The tragic events in Monterey Park and Half Moon Bay, two California suburbs known for peace and tranquility, provide an appropriate time for a national soul-searching. Our fabric is frayed and violence has spread like a wildfire. Change must happen if the nation hopes to never see again anger and frustration erupt into violence.

January 27, 2023

MLK and Border Justice

By Raquel E. Aldana, Professor of Law and Co-Director of the Aoki Center on Critical Race and Nation Studies

"We are caught in an inescapable network of mutuality, tied in a single garment of destiny. Whatever affects one directly, affects all indirectly." – Dr. Martin Luther King

I write these reflections on January 16, 2023, the day we commemorate Martin Luther King’s (MLK) legacy and imperative for racial justice. I am fortunate to teach at the UC Davis School of Law, named after MLK. King Hall, the name we use to call our school, draws exceptional students, including many who are committed to MLK’s racial justice project. In our Asylum and Refugee Law seminar this semester, we spent last week setting the stage to understand the human tragedy occurring at our U.S.-Mexico border and sadly the numerous parallels of similar stories across the globe. In anticipation of MLK day, I shared with my students a page the United Nations High Commissioner for Refugees (UNHCR) created back in 2021 in which a handful of transcendent refugees – meaning they themselves received harbor and propelled their lives to elevate others—reflected on how MLK inspires their lives. I was struck by the MLK quotes they chose. In addition to quote above, two others caught my attention: “Injustice anywhere is a threat to justice everywhere” and “America is essentially a dream, a dream yet unfulfilled.”

Two themes stand out for me in these quotes about today’s MLK-inspired racial justice imperative. The first is the universality and mutuality of the racial justice imperative. The second, more implied in its focus on the unfulfilled “American” dream, is the recognition that human rights begin at home. At first glance, these two themes may appear to conflict with one another. It could, for instance, mean that the universality and mutuality of the racial justice imperative that MLK espoused was bounded by borders, if only due to the pragmatic recognition of the enormity in the racial justice gaps present in MLK’s “America.” I take issue, however, with this bounded reading of MLK’s vision. Both then and now, “America” – an ironic use of the word that should name the continent and not a single nation within it – was a nation whose struggles for racial justice could not be disentangled from its global reality.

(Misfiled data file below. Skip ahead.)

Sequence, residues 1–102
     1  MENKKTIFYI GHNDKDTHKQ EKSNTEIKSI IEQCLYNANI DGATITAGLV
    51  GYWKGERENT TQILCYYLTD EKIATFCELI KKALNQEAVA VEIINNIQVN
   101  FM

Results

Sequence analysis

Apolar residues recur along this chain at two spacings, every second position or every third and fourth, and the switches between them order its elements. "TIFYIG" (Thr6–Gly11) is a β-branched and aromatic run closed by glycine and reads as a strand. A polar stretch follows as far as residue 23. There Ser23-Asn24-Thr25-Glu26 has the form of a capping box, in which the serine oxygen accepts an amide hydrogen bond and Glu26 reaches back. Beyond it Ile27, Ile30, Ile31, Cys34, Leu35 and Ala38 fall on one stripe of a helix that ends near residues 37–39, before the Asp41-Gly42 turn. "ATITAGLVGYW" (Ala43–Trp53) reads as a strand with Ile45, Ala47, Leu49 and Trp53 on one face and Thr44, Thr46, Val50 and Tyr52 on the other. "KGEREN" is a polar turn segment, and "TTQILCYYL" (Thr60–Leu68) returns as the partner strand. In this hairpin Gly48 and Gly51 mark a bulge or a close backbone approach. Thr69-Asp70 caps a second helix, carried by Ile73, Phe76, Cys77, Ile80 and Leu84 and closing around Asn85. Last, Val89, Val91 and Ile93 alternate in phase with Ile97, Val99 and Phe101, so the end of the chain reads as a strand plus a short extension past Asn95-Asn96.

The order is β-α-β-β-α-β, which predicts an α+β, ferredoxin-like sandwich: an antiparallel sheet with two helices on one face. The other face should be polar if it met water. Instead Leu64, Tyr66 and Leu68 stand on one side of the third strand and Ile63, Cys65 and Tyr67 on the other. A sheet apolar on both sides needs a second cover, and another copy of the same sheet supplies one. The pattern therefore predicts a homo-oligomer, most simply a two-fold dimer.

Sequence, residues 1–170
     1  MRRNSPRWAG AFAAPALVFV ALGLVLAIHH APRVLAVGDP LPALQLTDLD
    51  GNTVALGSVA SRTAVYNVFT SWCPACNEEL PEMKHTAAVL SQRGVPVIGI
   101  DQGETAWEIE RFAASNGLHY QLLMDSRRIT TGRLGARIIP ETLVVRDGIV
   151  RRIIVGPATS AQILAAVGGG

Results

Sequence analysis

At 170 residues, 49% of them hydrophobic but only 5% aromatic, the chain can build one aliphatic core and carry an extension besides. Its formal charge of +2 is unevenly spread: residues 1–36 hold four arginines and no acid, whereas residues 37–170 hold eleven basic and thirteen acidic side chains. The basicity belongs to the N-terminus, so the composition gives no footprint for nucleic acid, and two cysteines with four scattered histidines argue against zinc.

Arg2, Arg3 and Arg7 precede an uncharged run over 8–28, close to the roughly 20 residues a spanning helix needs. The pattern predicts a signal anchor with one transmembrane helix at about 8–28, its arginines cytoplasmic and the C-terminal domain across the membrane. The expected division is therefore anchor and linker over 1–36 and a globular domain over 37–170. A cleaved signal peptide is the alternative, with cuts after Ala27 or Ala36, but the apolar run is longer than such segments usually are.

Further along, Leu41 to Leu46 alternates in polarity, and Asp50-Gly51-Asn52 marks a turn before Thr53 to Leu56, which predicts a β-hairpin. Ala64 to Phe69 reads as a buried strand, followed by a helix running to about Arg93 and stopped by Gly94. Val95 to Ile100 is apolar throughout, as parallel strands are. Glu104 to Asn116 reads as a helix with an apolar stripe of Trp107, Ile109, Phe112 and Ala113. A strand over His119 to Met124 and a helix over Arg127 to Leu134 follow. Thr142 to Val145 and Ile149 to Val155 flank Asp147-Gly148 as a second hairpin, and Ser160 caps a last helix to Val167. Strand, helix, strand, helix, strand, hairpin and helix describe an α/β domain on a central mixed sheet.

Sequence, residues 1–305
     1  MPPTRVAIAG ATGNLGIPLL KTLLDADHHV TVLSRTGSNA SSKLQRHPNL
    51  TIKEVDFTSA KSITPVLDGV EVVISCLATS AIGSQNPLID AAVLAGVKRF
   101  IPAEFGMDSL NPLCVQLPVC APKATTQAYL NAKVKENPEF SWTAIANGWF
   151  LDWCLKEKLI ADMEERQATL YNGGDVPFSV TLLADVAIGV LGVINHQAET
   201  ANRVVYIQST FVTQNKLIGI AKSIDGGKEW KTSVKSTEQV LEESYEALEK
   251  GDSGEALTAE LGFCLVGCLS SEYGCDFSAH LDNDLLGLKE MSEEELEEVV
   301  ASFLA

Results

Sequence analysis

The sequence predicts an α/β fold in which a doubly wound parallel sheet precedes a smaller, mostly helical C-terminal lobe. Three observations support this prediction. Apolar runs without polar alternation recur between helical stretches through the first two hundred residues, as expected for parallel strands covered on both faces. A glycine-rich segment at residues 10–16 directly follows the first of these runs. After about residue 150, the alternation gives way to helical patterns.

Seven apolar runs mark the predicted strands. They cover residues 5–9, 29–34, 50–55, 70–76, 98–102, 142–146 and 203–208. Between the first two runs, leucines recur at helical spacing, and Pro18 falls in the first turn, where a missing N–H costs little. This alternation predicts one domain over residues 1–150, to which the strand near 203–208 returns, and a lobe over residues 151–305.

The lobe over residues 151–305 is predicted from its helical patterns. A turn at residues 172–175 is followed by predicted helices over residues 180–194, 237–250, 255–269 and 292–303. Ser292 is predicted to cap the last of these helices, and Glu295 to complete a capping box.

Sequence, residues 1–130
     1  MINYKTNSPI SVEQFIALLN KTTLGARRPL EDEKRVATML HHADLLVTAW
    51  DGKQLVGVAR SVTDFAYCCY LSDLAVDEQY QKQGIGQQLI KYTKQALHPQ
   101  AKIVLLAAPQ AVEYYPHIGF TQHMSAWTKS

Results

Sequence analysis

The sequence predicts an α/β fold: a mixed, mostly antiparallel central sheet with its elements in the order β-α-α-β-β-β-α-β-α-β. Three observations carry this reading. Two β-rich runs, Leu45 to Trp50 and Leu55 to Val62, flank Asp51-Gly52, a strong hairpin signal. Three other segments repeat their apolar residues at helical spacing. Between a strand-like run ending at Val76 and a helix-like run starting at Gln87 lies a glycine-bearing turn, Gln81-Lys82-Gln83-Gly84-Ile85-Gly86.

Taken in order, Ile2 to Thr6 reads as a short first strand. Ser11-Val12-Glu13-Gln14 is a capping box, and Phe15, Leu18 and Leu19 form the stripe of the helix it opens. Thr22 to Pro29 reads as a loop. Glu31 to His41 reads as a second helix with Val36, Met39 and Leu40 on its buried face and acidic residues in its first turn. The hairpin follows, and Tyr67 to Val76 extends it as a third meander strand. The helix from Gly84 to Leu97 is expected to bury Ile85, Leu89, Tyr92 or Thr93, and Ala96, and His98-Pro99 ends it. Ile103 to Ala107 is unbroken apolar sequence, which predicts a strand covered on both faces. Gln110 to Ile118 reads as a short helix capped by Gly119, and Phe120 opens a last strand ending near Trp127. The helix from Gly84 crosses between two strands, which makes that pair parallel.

In 2016, the Huffpost wrote a piece titled Martin Luther King and Immigrant’s Rights. The piece discusses the paradox in how both those who promote restrictive borders and those who seek to open or erase them, claim MLK’s legacy as being on their side. The place of border justice – i.e., the treatment of freedom of movement as a fundamental right – as a racial justice project has not always been easy to name. This is, in part, because borders, not unlike prisons, have been used effectively to divide humanity between those who deserve justice and those who, due to their criminality or illegality, do not. The Huffpost piece, for example, recounts MLK’s efforts toward inclusivity when he wrote in a 1966 telegram to Cesar Chavez, the leader of the United Farm Workers (UFW), that our “separate struggles are really one.” Some would suggest that the Cesar Chavez and labor union’s own ambivalence over immigration, solidified a bounded inclusivity that prioritized the well-being of U.S. domestic workers in their search for racial justice. Except this explanation is too simplistic. For one, at the time, the UFW was comprised of a large force of undocumented workers. The problem, thus, was not the undocumented workers themselves but rather the system of laws, policies, and practices, that exploited the vulnerability of workers to create conflicts that directly compromised what should have been a joint project toward greater labor and workers right in this country. Overtime, labor unions would more fully understand the structural racism that permeated labor exploitation and to view borders as a tool for reinforcing such a system.